Leo: It’s really amazing. I think right after Dreams from My Father I reread Invisible Man, and in somewhere in the middle of all that I realized that the music that I had been working on could not be about anything other than about this whole idea of being… This not entirely specific but general idea of being mixed race. And not even being mixed race, but really being black in a white country, but also being mixed race and all of that seen through this lens of balancing — the idea of balancing and balance. And that’s where the rest of the piece came from. I probably wrote the first few minutes of the first section — which isn’t even recorded so you can’t hear it — just writing music that I thought was pretty. But from there on to the end it was all written towards that idea.
Ethan: Well, it certainly comes through in the music. It inhabits many worlds simultaneously. It inhabits the buttoned-up world of European classical and the gutsier, funkier world of the blues and all that. I actually think that it paints a pretty clear autobiographical portrait.
Leo: Well, that’s very cool. It’s the one thing I assumed is that I could say all that stuff but nobody would know what the hell I was talking about so it’s interesting to hear that you actually hear it in the music. That’s pretty cool.
Ethan: OK. After this initial epic thing then you have..
Leo: Should I chop it up into more than on track, by the way?
Ethan: I don’t know.
Leo: Technically, it sections two and three so you can put break in between where the things come and so you won’t have to wade through like half an hour of music trying to find a spot that they like but I don’t why. But we can talk about this after the interview.
Ethan: No. It’s a fair question. I would say it’s a bold statement having it be that long. I say, if it’s supposed to be experienced as a unit…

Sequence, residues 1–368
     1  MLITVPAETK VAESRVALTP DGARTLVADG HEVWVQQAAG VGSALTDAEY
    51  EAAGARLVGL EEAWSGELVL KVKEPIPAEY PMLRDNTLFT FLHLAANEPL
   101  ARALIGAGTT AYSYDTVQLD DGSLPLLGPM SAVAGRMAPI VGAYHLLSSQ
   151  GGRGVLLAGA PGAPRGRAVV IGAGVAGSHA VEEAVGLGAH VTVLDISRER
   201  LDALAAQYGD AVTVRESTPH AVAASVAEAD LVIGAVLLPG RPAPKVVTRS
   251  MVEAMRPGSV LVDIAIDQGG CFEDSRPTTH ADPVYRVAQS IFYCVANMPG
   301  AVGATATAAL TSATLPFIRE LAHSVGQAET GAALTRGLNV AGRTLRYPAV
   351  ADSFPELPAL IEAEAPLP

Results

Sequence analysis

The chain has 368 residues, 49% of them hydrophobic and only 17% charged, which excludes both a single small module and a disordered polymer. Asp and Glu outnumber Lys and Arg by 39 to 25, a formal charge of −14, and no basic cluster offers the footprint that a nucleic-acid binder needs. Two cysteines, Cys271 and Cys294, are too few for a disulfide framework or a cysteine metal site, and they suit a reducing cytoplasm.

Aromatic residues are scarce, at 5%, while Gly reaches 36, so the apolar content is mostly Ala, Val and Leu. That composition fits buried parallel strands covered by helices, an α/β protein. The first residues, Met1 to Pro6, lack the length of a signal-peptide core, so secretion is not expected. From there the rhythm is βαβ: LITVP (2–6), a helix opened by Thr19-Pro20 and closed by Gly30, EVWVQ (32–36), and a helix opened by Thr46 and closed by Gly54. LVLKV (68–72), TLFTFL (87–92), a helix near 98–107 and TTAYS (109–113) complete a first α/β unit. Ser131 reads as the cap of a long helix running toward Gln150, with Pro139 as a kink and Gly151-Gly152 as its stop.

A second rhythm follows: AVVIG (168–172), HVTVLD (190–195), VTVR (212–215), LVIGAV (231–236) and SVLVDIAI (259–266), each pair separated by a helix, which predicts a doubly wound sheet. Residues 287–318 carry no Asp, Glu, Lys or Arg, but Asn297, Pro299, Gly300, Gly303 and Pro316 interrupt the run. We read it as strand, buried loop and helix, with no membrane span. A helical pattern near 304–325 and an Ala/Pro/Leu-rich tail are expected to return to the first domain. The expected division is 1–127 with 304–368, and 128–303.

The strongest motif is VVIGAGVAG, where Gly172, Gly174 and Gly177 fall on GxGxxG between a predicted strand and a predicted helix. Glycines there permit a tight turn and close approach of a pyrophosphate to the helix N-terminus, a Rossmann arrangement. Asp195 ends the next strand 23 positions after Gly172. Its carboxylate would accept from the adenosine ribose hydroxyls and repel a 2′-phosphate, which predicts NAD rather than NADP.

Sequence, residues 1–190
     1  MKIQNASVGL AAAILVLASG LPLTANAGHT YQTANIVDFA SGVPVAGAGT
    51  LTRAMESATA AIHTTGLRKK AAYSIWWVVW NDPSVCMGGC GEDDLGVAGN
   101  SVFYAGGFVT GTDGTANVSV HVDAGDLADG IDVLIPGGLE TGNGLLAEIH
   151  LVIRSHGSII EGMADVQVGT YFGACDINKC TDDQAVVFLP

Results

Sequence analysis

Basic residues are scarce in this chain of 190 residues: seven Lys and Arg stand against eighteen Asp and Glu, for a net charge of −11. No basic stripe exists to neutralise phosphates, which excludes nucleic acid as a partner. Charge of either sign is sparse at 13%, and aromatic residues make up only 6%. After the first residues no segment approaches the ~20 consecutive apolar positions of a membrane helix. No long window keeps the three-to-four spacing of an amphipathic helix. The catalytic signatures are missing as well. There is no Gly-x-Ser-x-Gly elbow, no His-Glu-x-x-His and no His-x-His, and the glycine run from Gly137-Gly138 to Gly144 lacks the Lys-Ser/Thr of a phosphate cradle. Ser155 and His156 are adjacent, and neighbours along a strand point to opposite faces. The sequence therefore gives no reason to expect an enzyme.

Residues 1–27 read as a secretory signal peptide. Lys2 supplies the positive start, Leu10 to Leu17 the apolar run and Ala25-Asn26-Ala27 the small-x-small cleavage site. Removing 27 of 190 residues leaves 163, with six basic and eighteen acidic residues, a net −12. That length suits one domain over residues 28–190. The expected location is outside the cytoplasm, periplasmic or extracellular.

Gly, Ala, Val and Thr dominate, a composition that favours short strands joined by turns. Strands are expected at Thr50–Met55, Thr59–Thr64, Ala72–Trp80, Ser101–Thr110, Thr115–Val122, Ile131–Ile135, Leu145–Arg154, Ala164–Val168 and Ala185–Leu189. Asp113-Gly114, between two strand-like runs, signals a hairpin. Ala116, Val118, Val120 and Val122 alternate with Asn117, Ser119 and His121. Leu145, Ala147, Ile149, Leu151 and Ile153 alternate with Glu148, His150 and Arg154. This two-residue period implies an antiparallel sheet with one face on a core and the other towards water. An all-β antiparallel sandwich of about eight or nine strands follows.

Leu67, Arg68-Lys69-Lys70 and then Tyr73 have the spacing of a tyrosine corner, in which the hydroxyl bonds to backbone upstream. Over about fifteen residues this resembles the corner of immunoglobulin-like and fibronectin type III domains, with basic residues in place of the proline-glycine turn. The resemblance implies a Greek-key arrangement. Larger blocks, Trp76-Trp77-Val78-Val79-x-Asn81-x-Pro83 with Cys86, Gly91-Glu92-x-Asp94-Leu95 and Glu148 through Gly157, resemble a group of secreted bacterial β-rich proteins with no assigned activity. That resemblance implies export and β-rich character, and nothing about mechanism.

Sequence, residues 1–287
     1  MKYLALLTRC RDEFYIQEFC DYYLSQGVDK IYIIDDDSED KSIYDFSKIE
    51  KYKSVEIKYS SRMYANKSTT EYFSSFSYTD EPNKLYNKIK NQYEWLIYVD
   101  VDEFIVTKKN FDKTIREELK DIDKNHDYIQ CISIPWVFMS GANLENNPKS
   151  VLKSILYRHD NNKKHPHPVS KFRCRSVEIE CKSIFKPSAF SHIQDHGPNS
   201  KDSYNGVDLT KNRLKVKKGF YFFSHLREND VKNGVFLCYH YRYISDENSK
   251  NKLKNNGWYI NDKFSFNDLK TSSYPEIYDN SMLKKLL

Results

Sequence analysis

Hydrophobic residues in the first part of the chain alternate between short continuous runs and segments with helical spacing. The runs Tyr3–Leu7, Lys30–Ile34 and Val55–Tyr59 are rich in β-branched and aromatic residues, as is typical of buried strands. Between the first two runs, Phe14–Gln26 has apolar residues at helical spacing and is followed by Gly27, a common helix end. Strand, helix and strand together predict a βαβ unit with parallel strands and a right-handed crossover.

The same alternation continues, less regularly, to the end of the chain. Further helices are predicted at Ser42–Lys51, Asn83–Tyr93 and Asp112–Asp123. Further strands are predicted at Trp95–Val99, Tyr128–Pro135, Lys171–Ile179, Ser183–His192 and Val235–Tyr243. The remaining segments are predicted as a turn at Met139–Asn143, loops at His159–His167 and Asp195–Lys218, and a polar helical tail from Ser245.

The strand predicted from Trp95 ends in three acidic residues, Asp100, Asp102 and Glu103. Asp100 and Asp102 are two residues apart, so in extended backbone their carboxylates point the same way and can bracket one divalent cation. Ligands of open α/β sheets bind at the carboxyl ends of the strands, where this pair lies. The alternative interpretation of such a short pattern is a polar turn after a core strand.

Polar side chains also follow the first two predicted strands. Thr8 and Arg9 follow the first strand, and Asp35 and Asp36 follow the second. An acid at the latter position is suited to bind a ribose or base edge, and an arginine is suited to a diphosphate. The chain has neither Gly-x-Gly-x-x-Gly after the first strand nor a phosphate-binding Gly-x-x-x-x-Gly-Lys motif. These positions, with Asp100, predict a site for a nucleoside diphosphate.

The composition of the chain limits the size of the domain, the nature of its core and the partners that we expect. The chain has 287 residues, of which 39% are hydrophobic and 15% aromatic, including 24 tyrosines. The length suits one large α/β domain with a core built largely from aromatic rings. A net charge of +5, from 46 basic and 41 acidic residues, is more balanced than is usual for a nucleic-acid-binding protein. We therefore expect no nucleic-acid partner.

Leo: It is supposed to be experienced as a unit.
Ethan: Yeah. If you don’t want people skipping around then don’t give them the option.
Leo: It’d be more radio friendly. One of the funny things as I was doing the mix — I mixed and mastered this whole thing myself and sort of taught myself Pro Tools and just went through this whole process of me doing that. Which was a really interesting and fun process, that also made the thing take a long time but…
Ethan: Let me interrupt you for a second.
Ethan: Now, Pro Tools. We should talk about what Pro Tools is. Pro Tools, there are many different computer programs that you can use to record, mix, and edit music but Pro Tools is the industry standard. Not necessarily because either it was the best thing but they kind of got there. They are like the Microsoft of audio. If you record something in my apartment it’s on Pro Tools. If you go into the Hit Factory it’s all Pro Tools.
Leo: The Hit Factory being a giant recording studio…
Ethan: Thank you. If turn on the radio I would say, what, 95%?
Leo: 95% of what you hear went through Pro Tools at some point.
Ethan: Yeah. Pro Tools is extremely powerful but not the world’s most user friendly or approachable piece of software.
Leo: Which is why I recorded it last spring and it’s only now done this spring, almost exactly a year to when we did the recording.
Ethan: Yeah. It has acquired the nickname Slow Tool so, yes.